BP, the global oil giant responsible for the fast-spreading spill in the Gulf of Mexico that will soon make landfall, is no stranger to major accidents.
In fact, the company has found itself at the center of several of the nation's worst oil and gas–related disasters in the last five years.
In March 2005, a massive explosion ripped through a tower at BP's refinery in Texas City, Texas, killing 15 workers and injuring 170 others. Investigators later determined that the company had ignored its own protocols on operating the tower, which was filled with gasoline, and that a warning system had been disabled.
The company pleaded guilty to federal felony charges and was fined more than $50 million by the U.S. Environmental Protection Agency.
Almost a year after the refinery explosion, technicians discovered that some 4,800 barrels of oil had spread into the Alaskan snow through a tiny hole in the company's pipeline in Prudhoe Bay. BP had been warned to check the pipeline in 2002, but hadn't, according to a report in Fortune. When it did inspect it, four years later, it found that a six-mile length of pipeline was corroded. The company temporarily shut down its operations in Prudhoe Bay, causing one of the largest disruptions in U.S. oil supply in recent history.
BP faced $12 million in fines for a misdemeanor violation of the federal Water Pollution Control Act. A congressional committee determined that BP had ignored opportunities to prevent the spill and that "draconian" cost-saving measures had led to shortcuts in its operation.
Other problems followed. There were more spills in Alaska. And BP was charged with manipulating the market price of propane. In that case, it settled with the U.S. Department of Justice and agreed to pay more than $300 million in fines.
At each step along the way, the company's executives were contrite.
"This was a preventable incident. ... It should be seen as a process failure, a cultural failure and a management failure," John Mogford, then BP's senior group vice president for safety and operations, said in an April 2006 speech about the lessons learned in Texas City. "It's not an easy story to tell. BP doesn't come out of it well."
In a 2006 interview with this reporter after the Prudhoe Bay spill, published in Fortune, BP's chief executive of American operations, Robert Malone, said, "There is no doubt in my mind, what happened may not have broken the law, but it broke our values."
Malone insisted at the time that there was no pattern of mismanagement that increased environmental risk.
"I cannot draw a systemic problem in BP America," he said. "What I've seen is refineries and facilities and plants that are operating to the highest level of safety and integrity standards."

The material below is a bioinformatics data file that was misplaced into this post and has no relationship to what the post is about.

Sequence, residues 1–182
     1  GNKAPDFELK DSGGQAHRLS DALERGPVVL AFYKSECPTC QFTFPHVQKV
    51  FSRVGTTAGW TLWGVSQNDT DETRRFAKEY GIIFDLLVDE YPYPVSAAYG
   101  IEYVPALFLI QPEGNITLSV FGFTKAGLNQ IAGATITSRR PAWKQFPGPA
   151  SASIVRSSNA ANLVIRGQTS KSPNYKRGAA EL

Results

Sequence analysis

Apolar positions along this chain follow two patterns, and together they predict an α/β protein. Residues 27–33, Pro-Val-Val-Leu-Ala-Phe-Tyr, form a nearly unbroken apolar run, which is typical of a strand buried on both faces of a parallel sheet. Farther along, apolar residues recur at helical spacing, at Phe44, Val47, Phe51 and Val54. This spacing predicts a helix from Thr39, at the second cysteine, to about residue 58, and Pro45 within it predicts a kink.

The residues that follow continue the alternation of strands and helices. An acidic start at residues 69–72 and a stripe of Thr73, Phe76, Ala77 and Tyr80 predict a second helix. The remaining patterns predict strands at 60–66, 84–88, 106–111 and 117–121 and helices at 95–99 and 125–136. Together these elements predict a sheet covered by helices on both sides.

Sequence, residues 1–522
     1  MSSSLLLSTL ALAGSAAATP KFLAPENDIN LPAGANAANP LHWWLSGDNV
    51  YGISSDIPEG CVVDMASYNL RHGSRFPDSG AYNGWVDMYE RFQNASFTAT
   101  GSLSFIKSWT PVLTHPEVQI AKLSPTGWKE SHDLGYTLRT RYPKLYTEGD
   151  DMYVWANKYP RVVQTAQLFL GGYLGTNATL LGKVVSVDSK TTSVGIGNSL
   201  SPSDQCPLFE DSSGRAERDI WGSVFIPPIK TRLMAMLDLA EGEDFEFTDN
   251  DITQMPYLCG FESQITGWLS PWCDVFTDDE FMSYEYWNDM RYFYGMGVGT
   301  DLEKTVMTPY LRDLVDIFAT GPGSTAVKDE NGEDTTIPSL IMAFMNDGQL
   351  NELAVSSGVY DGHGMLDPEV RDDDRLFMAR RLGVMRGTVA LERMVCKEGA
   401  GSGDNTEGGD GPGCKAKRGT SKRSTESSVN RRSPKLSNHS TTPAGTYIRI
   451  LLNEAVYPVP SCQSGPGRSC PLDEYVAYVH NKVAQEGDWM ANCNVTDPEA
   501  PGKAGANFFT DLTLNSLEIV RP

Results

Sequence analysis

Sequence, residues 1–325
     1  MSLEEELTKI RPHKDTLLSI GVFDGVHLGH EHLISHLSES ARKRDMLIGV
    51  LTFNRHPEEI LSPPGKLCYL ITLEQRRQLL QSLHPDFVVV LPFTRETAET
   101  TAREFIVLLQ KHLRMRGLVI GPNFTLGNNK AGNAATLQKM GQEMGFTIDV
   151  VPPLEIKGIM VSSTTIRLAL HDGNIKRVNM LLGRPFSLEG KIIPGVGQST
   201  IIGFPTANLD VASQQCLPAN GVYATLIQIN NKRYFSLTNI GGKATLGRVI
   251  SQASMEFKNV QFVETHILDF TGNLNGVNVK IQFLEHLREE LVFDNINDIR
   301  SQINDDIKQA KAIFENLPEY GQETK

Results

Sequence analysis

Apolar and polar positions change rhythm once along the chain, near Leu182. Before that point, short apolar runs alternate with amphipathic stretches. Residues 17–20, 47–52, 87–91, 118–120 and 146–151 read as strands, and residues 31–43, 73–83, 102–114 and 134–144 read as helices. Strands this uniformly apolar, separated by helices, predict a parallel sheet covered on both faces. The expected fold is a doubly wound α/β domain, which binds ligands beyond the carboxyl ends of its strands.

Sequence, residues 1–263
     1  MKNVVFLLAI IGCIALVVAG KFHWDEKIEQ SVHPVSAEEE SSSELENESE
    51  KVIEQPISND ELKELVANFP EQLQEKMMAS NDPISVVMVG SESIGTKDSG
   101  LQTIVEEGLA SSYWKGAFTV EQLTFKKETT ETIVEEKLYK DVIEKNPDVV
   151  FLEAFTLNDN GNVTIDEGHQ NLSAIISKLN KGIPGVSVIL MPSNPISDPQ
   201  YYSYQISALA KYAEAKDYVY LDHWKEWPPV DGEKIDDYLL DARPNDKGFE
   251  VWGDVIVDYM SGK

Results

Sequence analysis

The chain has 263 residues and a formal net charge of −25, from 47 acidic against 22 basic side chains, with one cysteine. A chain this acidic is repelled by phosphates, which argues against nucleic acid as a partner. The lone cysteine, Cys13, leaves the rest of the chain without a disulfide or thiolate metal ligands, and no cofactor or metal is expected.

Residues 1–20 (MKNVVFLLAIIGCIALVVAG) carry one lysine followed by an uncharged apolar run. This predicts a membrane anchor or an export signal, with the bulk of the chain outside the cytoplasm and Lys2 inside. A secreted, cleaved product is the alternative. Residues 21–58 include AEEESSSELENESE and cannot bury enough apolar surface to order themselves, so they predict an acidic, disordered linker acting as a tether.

Nonetheless, Malone, who spent three decades at BP and was promoted to the CEO of BP America shortly after the Texas refinery blast, promised to increase scrutiny over BP's operations and invest in environmental and safety measures.
He told Congress that it was imperative BP management learn from its mistakes.
"The public's faith has been tested recently," he said. "We have fallen short of the high standards we hold for ourselves and the expectations that others have for us."
Time will tell whether the accident that killed 11 workers and sent the Transocean Deepwater Horizon drilling rig -- a $500 million platform as wide as a football field -- sinking to the bottom of the Gulf of Mexico was simply an accident or something else.
Malone, who retired last year, declined to comment for this article. A spokesman for BP was not available for comment.
Families of workers who died in the accident have already filed lawsuits accusing BP of negligence. Congress, as well as the Minerals and Management Service, the federal agency that regulates drilling in the Gulf, were already separately investigating allegations that BP has failed to keep proper documents about how to perform an emergency shutdown of the Atlantis, another Gulf oil platform and one of the largest in the world.
There are also indications that BP and Transocean, the owner of the Deepwater Horizon rig that burned and sank, could have used backup safety gear -- a remote acoustic switch that would stanch the flow of oil from a leaking well 5,000 feet underwater -- to prevent the massive spill now floating like a slow-motion train wreck toward the Mississippi and Louisiana coastline. The switch isn't required under U.S. law, but is well-known in the industry and mandated in other parts of the world where BP operates.
In the year before the accident, BP once again aggressively cut costs. A reorganization stripped 5,000 jobs from its payroll, saving BP more than $4 billion in operating costs, according to a report sent to ProPublica by Fadel Gheit, an investment analyst for Oppenheimer.
On April 27, as the U.S. Coast Guard worked with BP engineers to guide remote control submarines nearly a mile underwater in a futile effort to close a shut-off valve, BP told investors that its quarterly earnings were up more than 100 percent over the last year, beating expectations by a large margin. After underperforming its competition throughout the last decade, Gheit wrote, BP was the only major oil company to perform better than the S&P 500 last year.